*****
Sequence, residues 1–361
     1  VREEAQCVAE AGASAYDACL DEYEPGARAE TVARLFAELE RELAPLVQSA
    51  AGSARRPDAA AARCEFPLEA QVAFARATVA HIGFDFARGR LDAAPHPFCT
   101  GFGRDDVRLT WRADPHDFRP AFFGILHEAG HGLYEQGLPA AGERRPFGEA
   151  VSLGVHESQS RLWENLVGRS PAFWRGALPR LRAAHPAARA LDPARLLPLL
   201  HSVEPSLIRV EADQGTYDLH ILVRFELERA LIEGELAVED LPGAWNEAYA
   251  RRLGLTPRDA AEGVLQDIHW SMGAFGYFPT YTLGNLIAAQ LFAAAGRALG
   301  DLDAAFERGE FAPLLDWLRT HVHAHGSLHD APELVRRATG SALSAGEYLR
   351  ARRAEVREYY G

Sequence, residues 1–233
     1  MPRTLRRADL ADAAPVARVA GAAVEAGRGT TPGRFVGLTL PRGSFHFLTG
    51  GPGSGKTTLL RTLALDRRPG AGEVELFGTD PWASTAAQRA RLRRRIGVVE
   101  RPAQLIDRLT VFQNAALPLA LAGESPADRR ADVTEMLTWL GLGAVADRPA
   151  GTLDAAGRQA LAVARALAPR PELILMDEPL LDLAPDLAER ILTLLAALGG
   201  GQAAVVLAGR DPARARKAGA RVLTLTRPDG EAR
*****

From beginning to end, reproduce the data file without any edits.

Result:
Sequence, residues 1–361
     1  VREEAQCVAE AGASAYDACL DEYEPGARAE TVARLFAELE RELAPLVQSA
    51  AGSARRPDAA AARCEFPLEA QVAFARATVA HIGFDFARGR LDAAPHPFCT
   101  GFGRDDVRLT WRADPHDFRP AFFGILHEAG HGLYEQGLPA AGERRPFGEA
   151  VSLGVHESQS RLWENLVGRS PAFWRGALPR LRAAHPAARA LDPARLLPLL
   201  HSVEPSLIRV EADQGTYDLH ILVRFELERA LIEGELAVED LPGAWNEAYA
   251  RRLGLTPRDA AEGVLQDIHW SMGAFGYFPT YTLGNLIAAQ LFAAAGRALG
   301  DLDAAFERGE FAPLLDWLRT HVHAHGSLHD APELVRRATG SALSAGEYLR
   351  ARRAEVREYY G

Sequence, residues 1–233
     1  MPRTLRRADL ADAAPVARVA GAAVEAGRGT TPGRFVGLTL PRGSFHFLTG
    51  GPGSGKTTLL RTLALDRRPG AGEVELFGTD PWASTAAQRA RLRRRIGVVE
   101  RPAQLIDRLT VFQNAALPLA LAGESPADRR ADVTEMLTWL GLGAVADRPA
   151  GTLDAAGRQA LAVARALAPR PELILMDEPL LDLAPDLAER ILTLLAALGG
   201  GQAAVVLAGR DPARARKAGA RVLTLTRPDG EAR